It would be very helpful to have an example of how exactly a population model would be used such that the additional information generated by the model would allow a regulatory decision to be made that could not have been made at the Tier III level.
Joint Probability Distribution (JPD):
Given statements made earlier about the tremendous complexity associated with all of the recommended changes in the higher Tiers, it would be useful if ECOFRAM would recommend just one type of JPD at Tier 2 instead of a choice (page 4-21 ".... concentration effect curves for acute mortality, time to population recovery, or other effect endpoints).
Confidence bounds on dose response relationship should be reported and, if possible, these bounds should be propagated into bounds for the JPD.
A Joint Probability Curve based on a single species dose response is fine in theory, but may be difficult to implement. Does one use the probit model or raw data. If raw data is used, a typical maximum of 5 points could be available to draw the curve. In how many of our data sets do we have 5 different responses? If the model curve is used, it must be remembered that the probit model does not do a good job at estimating 0 and 100% kill! Choice of dose-response model can be important (Probit, logistic, etc.) Current dose-response models are chosen for their accuracy in estimating LC50, not the full dose-response relationship.
JPD's for single species versus species sensitivity seem to address different assessment endpoints. Is the assessment endpoint a certain percentage of a given population or are we addressing aquatic communities and protecting a certain percentage of the species present - or both?. Is it logical (other than the fact that additional data may be needed for the species sensitivity assessment) that these JPD's are in different Tiers? I assume the assessment endpoints do not change as one moves through the Tiers? Using single species JPD's, is it assumed that if you are protective of a population of Daphnia (surrogate species) based on Tier I/II evaluation, that you will be protective of the community? To follow, when one has JPD's for single species and for species sensitivity, which one is used for the final regulatory decision? If the JPD for species sensitivity indicates less risk than that based on the single species assessment, will this be the decision or will EPA revert back to the single species JPD for their regulatory decision. If EPA reverts back to the single species JPD, why would industry want to spend additional resources evaluating the species sensitivity distribution?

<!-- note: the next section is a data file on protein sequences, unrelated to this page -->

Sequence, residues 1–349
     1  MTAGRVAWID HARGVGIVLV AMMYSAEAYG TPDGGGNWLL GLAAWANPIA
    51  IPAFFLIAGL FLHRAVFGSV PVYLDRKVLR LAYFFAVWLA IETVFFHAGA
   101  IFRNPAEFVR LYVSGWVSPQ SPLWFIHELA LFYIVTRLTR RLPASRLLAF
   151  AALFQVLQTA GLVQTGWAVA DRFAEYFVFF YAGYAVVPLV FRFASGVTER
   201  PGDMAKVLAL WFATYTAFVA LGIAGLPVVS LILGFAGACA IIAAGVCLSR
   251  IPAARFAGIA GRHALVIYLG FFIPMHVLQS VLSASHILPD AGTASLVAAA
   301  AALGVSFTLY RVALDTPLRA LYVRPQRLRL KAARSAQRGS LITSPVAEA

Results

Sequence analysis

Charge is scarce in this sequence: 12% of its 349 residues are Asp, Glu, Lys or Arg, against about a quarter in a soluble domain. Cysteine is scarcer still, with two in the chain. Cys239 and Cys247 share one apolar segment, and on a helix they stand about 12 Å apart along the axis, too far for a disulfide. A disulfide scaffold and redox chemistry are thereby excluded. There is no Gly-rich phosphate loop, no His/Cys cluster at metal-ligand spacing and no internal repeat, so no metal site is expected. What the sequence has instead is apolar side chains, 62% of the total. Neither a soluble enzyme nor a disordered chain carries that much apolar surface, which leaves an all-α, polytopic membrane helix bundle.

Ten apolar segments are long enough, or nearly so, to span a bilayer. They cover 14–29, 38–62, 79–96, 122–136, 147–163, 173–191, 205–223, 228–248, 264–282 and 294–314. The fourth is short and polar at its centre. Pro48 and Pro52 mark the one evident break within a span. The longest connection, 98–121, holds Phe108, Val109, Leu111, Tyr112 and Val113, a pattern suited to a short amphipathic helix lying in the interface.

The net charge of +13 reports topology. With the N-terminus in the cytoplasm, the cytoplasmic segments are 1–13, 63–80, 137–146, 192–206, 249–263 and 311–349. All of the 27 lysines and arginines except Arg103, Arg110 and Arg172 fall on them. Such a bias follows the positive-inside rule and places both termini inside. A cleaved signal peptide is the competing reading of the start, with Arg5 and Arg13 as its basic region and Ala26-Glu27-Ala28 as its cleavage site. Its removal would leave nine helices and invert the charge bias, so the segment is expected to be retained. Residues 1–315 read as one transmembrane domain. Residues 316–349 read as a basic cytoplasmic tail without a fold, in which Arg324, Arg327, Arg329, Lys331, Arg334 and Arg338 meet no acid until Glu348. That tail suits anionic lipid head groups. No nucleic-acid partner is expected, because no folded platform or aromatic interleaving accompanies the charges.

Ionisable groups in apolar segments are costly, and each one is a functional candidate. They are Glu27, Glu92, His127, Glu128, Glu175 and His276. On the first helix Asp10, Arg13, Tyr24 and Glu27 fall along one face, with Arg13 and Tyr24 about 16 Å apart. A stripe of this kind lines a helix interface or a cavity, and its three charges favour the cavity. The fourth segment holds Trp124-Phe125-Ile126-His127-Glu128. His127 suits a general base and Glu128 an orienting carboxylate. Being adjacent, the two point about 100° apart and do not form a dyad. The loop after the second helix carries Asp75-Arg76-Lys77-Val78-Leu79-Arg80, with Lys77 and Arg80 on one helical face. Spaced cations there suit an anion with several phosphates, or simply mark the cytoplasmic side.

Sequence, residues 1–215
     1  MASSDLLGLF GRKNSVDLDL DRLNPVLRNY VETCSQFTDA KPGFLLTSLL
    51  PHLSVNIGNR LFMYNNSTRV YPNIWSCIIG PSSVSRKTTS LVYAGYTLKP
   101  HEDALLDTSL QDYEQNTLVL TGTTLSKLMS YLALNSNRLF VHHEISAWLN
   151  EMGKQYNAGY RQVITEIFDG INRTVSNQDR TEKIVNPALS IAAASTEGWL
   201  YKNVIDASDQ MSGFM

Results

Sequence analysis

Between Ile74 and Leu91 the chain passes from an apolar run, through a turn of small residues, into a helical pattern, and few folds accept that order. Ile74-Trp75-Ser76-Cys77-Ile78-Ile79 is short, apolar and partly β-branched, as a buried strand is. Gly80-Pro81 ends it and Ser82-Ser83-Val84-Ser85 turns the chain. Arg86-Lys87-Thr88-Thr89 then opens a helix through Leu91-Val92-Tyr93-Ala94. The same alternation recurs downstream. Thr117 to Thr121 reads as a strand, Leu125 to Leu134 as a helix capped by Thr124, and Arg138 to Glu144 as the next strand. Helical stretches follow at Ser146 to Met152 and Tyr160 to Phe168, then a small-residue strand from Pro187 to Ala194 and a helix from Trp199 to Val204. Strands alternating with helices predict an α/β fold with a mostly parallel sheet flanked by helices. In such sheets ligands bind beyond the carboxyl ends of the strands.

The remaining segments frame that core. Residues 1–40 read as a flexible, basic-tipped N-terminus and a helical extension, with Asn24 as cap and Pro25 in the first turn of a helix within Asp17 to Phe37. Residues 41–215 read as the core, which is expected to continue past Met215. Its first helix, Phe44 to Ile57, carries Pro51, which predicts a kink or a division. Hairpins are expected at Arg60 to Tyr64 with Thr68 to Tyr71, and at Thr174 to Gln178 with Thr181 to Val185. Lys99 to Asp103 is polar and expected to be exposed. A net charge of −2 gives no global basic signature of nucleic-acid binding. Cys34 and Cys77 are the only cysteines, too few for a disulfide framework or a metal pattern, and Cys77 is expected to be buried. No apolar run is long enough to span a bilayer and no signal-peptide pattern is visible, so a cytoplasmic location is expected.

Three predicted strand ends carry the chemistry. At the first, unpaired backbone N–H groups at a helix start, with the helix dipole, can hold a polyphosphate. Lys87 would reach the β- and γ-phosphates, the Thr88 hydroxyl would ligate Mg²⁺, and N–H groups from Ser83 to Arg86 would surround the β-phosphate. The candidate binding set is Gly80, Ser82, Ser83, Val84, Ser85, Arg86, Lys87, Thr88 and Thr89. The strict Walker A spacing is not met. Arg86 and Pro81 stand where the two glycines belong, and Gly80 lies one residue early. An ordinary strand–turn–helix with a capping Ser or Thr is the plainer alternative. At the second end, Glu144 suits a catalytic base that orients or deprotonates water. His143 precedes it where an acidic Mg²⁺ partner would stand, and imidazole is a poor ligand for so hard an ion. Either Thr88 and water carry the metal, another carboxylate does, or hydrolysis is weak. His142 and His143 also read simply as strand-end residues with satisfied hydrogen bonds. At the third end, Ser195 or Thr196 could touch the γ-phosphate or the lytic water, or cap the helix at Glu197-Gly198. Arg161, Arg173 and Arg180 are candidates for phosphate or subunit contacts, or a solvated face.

Time-Varying or Repeated Exposures:
Pulse-dose experiments represent a very useful tool that can help to reflect more realistic exposure scenarios. For some short lived compounds these studies can greatly increase our ability to more accurately reflect the hazard under the defined exposure scenario. Of course the key point is whether the results will actually be used in place of the results from the constant exposure standard guideline studies. EPA must indicate a willingness to regulate on the results.
On theoretical basis, Time-to-Event Analysis as an improvement in how toxicity data is reported. It can provide the basic time-concentration-effect model which controls the biological response. However, it is possible that the claims of usefulness in the regulatory context are a bit exaggerated or impractical as summarized in the ECOFRAM chapter. In addition, in order to do a good job with this concept, additional test levels and observations periods may be required to be added to the current standard toxicity tests (depending upon the compound). It is unclear, from a regulatory decision making perspective, whether the extra effort will make a difference in the conclusions to be drawn concerning the acceptability of a given level of risk. In the case studies hopefully to be performed, the usefulness of having such data in making regulatory decisions must be decided upon.